Ways to soothe a Crying Baby
All babies cry, but some cry more than others. Crying is one of the earliest ways your baby communicates their needs.
They cry when they’re hungry, uncomfortable, or are startled. As your baby gets older, they may cry when they are bored, uncomfortable, or frightened by meeting a new person. Sometimes babies cry for no apparent reason.
His crying is no reflection on your parenting. But it can be very frustrating when your baby cries and despite your best efforts, doesn’t stop.
Some research show that premature babies are more likely than full-term babies to cry or fuss. They may be harder to soothe and may cry more often. Each baby is different so this may or may not apply to your baby.
Some babies who’ve been in the neonatal intensive care unit (NICU) have trouble adjusting to the quiet of home. Your baby may sleep better with some background music or a low level of noise.
As you get to know your baby, you’ll learn how much crying is normal for them and what you can do to soothe them. If your baby cries longer than usual and nothing you do soothes them, call your baby’s healthcare professional to see if there’s a medical reason.
If your baby is crying, try the following:
- Try feeding them.
- Check to make sure he has a clean nappy. If not, change it.
- Look for signs of illness or pain.
- Rock your baby, or walk with them. But if you begin to feel stressed, put them down in a safe place (like on their back in their cot) then take a short break and check on them in 10 minutes.
- Sing or talk to your baby.
- Offer them a pacifier or a toy.
- Take them for a walk in the pram.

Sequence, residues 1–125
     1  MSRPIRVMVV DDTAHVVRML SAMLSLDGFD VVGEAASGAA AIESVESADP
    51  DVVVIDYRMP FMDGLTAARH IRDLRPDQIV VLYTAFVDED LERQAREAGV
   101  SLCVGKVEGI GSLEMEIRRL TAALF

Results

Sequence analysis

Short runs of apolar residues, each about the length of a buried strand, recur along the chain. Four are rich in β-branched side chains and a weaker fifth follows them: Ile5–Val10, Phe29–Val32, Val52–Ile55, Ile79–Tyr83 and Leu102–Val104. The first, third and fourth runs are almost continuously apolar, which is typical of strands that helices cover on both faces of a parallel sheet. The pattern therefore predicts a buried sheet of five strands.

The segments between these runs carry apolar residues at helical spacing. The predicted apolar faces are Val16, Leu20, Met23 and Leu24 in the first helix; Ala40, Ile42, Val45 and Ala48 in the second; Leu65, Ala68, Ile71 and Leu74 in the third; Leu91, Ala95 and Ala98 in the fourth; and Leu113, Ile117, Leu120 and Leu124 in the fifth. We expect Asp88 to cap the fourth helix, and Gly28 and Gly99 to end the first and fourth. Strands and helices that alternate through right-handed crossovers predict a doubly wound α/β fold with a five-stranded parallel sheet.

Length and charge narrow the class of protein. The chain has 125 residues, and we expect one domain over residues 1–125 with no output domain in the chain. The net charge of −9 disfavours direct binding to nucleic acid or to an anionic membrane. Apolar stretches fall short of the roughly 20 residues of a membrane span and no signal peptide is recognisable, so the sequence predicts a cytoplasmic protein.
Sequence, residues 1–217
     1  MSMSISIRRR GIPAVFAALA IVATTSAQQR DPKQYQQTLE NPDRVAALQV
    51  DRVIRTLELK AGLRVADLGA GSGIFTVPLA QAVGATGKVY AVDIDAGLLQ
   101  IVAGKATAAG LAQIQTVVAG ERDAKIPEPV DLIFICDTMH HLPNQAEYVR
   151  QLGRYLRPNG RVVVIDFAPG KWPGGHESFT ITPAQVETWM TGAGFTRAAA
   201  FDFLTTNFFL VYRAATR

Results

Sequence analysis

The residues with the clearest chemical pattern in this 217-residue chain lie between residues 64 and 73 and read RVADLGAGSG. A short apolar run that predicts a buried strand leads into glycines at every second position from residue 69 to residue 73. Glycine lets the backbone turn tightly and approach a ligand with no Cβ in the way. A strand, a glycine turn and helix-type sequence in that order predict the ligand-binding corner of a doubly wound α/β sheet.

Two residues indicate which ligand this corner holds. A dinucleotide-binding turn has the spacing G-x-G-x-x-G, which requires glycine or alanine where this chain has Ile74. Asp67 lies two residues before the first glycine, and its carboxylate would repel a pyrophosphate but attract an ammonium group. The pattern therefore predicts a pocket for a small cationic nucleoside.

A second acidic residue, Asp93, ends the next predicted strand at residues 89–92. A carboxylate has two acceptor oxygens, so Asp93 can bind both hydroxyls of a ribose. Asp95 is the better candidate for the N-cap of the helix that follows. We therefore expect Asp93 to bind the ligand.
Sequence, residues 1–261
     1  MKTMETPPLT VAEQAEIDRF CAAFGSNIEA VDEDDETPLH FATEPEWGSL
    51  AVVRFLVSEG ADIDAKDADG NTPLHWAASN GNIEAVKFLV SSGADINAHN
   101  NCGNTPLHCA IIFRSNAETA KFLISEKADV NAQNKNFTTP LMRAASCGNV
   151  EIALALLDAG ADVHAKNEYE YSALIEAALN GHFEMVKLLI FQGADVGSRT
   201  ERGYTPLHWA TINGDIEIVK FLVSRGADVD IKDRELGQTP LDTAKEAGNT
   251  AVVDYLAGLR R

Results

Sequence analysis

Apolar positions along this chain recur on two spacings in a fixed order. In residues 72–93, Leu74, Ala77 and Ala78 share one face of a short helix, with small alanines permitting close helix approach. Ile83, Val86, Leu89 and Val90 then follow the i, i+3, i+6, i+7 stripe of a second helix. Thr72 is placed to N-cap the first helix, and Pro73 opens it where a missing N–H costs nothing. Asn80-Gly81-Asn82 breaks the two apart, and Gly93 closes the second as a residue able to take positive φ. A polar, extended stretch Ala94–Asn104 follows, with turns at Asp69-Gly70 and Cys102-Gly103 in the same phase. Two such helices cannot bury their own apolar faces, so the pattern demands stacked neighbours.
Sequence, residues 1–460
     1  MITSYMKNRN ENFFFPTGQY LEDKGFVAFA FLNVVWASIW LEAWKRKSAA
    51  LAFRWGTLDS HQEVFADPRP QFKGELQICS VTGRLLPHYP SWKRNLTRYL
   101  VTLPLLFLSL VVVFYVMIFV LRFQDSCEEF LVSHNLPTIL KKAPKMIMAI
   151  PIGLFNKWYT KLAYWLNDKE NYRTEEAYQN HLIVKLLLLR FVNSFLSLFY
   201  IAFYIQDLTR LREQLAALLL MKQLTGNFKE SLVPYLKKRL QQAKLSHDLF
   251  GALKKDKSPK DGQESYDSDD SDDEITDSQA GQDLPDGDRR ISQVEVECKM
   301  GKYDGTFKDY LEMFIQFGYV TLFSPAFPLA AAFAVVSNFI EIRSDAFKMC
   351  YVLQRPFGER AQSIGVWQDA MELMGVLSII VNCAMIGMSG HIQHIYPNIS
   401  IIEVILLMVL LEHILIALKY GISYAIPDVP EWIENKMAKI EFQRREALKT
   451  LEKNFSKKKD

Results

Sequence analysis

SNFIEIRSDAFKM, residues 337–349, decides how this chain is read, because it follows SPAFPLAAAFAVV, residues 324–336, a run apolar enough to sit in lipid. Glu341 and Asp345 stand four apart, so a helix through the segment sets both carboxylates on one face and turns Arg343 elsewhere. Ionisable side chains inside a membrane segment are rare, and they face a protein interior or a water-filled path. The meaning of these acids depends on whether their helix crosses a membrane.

- Swaddle your baby snuggly in a blanket.
- Turn on the stereo or TV. Be sure the sound is low and soothing.
- Run the vacuum cleaner, turn on the clothes dryer or dishwasher, or use a fan. Some babies like this type of white noise.
- Hold your baby close to your body. Breathe calmly and slowly.
- Call a friend or relative. Ask them to care for your baby while you take a break.
Helping your baby to sleep
Premature babies may have sleep patterns that are different from babies who were born at term (Gardner 2013). This means they are less likely to follow a predictable sleeping schedule. They may sleep more overall, but their sleep cycles are shorter (Gardner 2013, Schwichtenberg 2013). They also spend more time in the lighter stages of sleep, when they are easily awakened (Gardner 2013, Schwichtenberg 2013). Some premature babies may be particularly sleepy and may need to be awakened to feed. Over time, this will resolve as your baby grows and developing good sleep patterns is important.
It’s important to help your baby learn the difference between night and day (Gardner 2013). Darkness and a quiet environment help to encourage deeper sleep (Gardner 2013). Some premature babies find gentle music or nature sounds soothing (Gardener 2013, Shoemark 2015).
At night, keep the lights off or at least turn them down low. If your baby does wake up for a feed or a change, or just to be soothed, keep it low-key while you take care of them. Giving your baby a chance to have regular nap times is also part of settling them into a restful routine and making sure he gets enough sleep (Gardner 2013, Schwichtenberg 2013).
You may be tempted to put your baby on their tummy, just to see if it helps them sleep. But unless you’ve been told that there is a medical reason to put them in another position, your baby needs to sleep on their back (Bliss nd). This will reduce the risk of sudden infant death syndrome (SIDS) (NHS 2015).
Premature babies may have sleep patterns that are different from babies who were born at term (Gardner 2013).
Your baby may sleep better with some background music or a low level of noise.
Crying is one of the earliest ways your baby communicates their needs.